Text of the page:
hered-, herit-

(Latin: heir; "he, or she, who obtains that which is left")

heir (AIR; not HAIR)
1. One who is legally entitled to inherit and to own an estate after the previous owner’s death; beneficiary, inheritor, heir apparent: "The millionaire’s only heir was his son."
2. A person who inherits some title or office; a successor: "The CEO’s daughter became the new CEO in her father’s company.
3. A person who inherits or is entitled by law or by the terms of a will to inherit the estate of another.
4. A person who succeeds or is in line to succeed to a hereditary rank, title, or office.
5. Anyone who receives or is expected to receive a heritage, as of ideas, from a predecessor.
An heir is someone who may be worth more than others and still be worthless.
—Evan Esar
heir apparent (s) (noun), heirs apparent (pl)
1. Someone who will inherit the property of another person if he or she lives longer than the one who is currently possessing the material goods or title: "The queen's oldest son is heir apparent to the throne."
2. A person who is very likely to have a job or position after the one who has it now leaves: "The owner of the company named his son as heir apparent of the business."
heredoretinopathia congenita
Hereditary retinopathy.
heritable (adjective), more heritable, most heritable
1. Capable of being transferred genetically from parent to offspring: Ginny's eyesight became worse as she grew older due to the heritable eye disorder her mother had.
2. Subject to being passed on by heirs-at-law: Jane's father did not make a will, and since she was his only relative still living, his heritable property was now in her possession.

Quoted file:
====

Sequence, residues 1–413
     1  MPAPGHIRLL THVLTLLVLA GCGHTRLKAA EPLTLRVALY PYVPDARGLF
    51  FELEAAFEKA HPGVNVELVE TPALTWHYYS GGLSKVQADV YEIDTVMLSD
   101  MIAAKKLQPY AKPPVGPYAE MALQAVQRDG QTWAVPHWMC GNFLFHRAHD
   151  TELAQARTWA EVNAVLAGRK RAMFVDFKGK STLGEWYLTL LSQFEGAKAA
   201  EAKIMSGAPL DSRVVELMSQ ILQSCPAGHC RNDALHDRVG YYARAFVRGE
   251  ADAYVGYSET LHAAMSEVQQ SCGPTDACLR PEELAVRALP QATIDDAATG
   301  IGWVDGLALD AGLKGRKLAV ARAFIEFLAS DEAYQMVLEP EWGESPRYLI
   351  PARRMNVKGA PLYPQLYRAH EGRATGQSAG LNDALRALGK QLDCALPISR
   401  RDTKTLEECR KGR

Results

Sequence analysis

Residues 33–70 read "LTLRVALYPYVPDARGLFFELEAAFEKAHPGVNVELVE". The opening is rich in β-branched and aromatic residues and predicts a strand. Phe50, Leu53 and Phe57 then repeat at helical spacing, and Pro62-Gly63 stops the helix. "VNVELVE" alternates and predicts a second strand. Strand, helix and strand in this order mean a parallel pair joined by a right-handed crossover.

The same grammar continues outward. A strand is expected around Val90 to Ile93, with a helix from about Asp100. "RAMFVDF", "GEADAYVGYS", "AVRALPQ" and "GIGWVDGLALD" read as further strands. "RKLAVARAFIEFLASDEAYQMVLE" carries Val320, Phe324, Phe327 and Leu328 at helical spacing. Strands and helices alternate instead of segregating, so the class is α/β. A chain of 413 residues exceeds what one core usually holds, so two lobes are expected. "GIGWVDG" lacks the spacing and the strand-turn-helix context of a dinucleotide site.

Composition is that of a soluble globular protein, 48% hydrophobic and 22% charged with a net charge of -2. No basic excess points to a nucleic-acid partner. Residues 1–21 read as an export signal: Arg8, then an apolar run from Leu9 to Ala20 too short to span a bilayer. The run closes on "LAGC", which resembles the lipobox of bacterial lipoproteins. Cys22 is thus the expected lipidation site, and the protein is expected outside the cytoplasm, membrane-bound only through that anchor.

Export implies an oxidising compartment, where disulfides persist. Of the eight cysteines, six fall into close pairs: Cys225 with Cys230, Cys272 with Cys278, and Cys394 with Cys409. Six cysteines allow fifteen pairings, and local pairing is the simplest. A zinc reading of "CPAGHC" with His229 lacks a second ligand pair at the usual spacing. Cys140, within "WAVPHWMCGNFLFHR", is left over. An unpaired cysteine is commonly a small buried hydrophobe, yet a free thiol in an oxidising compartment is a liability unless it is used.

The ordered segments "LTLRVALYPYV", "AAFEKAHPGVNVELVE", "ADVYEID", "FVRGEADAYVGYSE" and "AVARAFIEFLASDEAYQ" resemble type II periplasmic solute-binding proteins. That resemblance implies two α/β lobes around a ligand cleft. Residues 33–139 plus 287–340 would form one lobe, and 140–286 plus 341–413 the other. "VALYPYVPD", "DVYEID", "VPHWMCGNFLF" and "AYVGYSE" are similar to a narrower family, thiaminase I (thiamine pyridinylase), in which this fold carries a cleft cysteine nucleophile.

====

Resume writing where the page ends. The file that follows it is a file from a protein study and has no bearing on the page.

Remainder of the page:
heritably (adverb), more heritably, most heritably
Descriptive of how something is passed on from generation to generation: Being born with brown eyes is heritably possible if one of the parents, or one of their ancestors, had brown eyes too!
1. The status, conditions, or character acquired by being born into a particular family or social class.
2. A country's or area's history and historical buildings and sites which are considered to be of interest and value to present generations.
3. Something which passes from one generation to the next in a social group; for example, a way of life or traditional culture.
4. Property or land that is, or can be, passed on to an heir.
5. Etymology: from early 13th century, "that which may be inherited"; from Old French eritage; from heriter, "inherit"; from Late Latin hereditare; from Latin heres, heredis, "heir" (a person who is entitled by law or by the terms of a will to receive the estate of another person or someone who inherits, or gets, some title or office).